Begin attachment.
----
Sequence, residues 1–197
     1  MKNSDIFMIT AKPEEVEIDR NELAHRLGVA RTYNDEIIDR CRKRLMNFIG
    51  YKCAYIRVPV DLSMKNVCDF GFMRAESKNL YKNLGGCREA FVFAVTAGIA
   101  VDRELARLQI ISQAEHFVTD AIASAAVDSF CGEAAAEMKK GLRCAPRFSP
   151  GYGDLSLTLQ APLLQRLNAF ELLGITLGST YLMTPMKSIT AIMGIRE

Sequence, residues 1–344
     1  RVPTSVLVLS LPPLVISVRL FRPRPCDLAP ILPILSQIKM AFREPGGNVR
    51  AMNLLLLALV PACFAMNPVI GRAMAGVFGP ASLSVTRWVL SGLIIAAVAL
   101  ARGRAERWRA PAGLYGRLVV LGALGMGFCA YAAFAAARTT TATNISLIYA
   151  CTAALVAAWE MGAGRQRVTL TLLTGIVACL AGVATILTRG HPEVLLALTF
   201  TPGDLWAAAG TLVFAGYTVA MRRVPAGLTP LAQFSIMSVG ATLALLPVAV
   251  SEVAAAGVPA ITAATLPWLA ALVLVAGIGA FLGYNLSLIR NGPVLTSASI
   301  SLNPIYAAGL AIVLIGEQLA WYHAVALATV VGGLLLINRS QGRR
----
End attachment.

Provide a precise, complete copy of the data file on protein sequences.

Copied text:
Sequence, residues 1–197
     1  MKNSDIFMIT AKPEEVEIDR NELAHRLGVA RTYNDEIIDR CRKRLMNFIG
    51  YKCAYIRVPV DLSMKNVCDF GFMRAESKNL YKNLGGCREA FVFAVTAGIA
   101  VDRELARLQI ISQAEHFVTD AIASAAVDSF CGEAAAEMKK GLRCAPRFSP
   151  GYGDLSLTLQ APLLQRLNAF ELLGITLGST YLMTPMKSIT AIMGIRE

Sequence, residues 1–344
     1  RVPTSVLVLS LPPLVISVRL FRPRPCDLAP ILPILSQIKM AFREPGGNVR
    51  AMNLLLLALV PACFAMNPVI GRAMAGVFGP ASLSVTRWVL SGLIIAAVAL
   101  ARGRAERWRA PAGLYGRLVV LGALGMGFCA YAAFAAARTT TATNISLIYA
   151  CTAALVAAWE MGAGRQRVTL TLLTGIVACL AGVATILTRG HPEVLLALTF
   201  TPGDLWAAAG TLVFAGYTVA MRRVPAGLTP LAQFSIMSVG ATLALLPVAV
   251  SEVAAAGVPA ITAATLPWLA ALVLVAGIGA FLGYNLSLIR NGPVLTSASI
   301  SLNPIYAAGL AIVLIGEQLA WYHAVALATV VGGLLLINRS QGRR